Below is the text of the op-ed by Alliance chair Juana Slade that was printed in the Greenville News and the Anderson Independent-Mail.
As an administrative leader at one of South Carolina’s hospital systems, I am humbled and inspired by the brave frontline health care workers across our state who continue to care for patients every day in the face of COVID-19. They are the true heroes of this pandemic.
I’m honored to support them as chief diversity officer and director of diversity and language services at AnMed Health, a role that has provided me with a unique perspective on how this virus is disproportionately impacting communities of color.
It has been reported in areas across the country and recognized by the U.S. Surgeon General that African American and Hispanic/Latin communities have been hit especially hard by COVID-19. And South Carolina is no different.
While the African American population makes up just 27% of our state and 36% of confirmed cases, 57% of South Carolina’s deaths from COVID-19 have been African American. This statistic speaks specifically to the health status that often persists in marginalized racial and ethnic minority communities and serves as a stark reminder of the health inequities that we must work together to address.
For me, conversations that have been brought to light about racial health disparities in the wake of COVID-19 are nothing new. As a member and now chair of the Alliance for a Healthier South Carolina, I know that this virus is only holding up a mirror to inequities that have existed in our state for far too long.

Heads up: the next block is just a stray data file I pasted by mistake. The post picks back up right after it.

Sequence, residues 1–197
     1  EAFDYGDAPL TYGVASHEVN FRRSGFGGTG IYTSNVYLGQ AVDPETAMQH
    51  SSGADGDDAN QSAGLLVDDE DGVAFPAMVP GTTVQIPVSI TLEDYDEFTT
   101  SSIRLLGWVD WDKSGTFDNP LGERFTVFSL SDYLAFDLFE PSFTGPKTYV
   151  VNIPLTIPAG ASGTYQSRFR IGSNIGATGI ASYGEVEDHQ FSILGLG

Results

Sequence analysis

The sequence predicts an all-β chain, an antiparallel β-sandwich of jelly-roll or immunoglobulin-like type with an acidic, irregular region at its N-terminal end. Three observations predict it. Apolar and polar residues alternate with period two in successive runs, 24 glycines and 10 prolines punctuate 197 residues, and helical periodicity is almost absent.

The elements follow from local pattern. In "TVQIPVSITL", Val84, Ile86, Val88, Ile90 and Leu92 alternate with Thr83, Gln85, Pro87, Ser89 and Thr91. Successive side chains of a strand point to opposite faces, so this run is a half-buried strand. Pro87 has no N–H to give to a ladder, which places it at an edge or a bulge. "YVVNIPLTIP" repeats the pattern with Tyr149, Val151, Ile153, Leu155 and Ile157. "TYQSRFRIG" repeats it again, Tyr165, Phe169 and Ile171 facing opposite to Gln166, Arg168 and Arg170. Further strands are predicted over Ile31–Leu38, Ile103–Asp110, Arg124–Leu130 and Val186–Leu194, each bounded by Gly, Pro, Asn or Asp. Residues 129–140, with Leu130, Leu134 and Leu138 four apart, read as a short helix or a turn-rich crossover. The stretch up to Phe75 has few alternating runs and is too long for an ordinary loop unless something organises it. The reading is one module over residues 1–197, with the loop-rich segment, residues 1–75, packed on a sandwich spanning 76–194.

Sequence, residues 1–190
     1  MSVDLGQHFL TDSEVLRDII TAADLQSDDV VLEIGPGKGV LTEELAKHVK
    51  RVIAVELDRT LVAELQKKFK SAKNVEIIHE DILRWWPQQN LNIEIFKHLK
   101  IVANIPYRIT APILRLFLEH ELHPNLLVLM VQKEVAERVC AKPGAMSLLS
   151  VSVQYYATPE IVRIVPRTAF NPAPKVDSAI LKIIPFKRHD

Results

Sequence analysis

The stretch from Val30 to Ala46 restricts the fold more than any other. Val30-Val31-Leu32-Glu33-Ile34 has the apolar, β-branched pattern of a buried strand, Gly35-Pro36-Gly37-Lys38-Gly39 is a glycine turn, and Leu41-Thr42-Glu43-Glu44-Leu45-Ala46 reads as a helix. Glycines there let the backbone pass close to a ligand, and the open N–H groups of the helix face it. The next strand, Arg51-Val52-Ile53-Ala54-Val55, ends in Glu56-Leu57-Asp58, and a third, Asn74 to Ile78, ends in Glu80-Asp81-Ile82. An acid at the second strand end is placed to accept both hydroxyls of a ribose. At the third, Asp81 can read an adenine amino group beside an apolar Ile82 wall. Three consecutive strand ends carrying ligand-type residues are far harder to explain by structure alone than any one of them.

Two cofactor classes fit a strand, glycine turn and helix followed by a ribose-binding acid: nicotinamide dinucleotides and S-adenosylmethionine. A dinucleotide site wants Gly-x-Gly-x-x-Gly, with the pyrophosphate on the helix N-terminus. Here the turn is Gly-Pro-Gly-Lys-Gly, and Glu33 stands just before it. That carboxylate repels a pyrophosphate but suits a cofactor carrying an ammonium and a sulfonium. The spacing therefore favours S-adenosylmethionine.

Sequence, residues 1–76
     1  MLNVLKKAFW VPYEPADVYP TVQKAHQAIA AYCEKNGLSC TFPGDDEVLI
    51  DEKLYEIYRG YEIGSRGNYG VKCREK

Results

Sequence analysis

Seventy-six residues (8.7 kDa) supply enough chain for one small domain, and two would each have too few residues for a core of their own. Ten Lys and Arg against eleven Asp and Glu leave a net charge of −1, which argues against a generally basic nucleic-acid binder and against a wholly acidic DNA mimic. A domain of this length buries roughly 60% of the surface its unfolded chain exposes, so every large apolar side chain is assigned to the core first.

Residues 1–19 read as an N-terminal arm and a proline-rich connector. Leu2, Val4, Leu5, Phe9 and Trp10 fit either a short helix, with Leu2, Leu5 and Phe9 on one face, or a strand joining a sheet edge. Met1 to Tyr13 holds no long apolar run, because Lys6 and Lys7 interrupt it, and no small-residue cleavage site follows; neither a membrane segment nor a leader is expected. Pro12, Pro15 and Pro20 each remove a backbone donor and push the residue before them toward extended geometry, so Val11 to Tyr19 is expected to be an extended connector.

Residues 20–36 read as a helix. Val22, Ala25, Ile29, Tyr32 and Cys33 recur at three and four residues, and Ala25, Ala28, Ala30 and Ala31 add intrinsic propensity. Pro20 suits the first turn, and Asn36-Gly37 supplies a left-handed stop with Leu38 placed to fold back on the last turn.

From 2010-2013, a diverse cross-sector group of state leaders came together to address social determinants that often result in higher health care costs and worse outcomes for vulnerable communities. In 2014, the Alliance for a Healthier South Carolina was officially established as the nation’s first public-private partnership dedicated to coordinating action on shared goals for all people in the state.
In 2020 we’ve doubled-down on our commitment to addressing racial and socioeconomic health disparities by releasing South Carolina’s first health equity action plan. This five-year road map provides collaborative strategies to build awareness of the root causes of health inequities and to support systemic policy changes that remove barriers to health for our most vulnerable citizens.
The Alliance for a Healthier South Carolina is a based on a “collective impact” model that recognizes that no single organization has the ability to solve any major social problem at scale by itself. That’s why we applaud and support recent efforts by Rep. Rosalyn Henderson-Myers and other legislative leaders who are requesting that the state establish a Minority Health Task Force so that we can work together to improve health and well-being in our minority communities.
While COVID-19 will continue to be a trove of lessons learned for health care providers and countless other industries, we cannot overlook what the data are telling us about how this virus disproportionately impacts our most vulnerable South Carolinians – and how it exposes racial and socioeconomic health disparities that have long impacted our state.
The Alliance for a Healthier South Carolina is committed to advancing health equity and is ready to partner with state leaders on a plan to make it happen.
Juana Slade is chief diversity officer and director of diversity and language services at AnMed Health and 2020 chair of the Alliance for a Healthier South Carolina.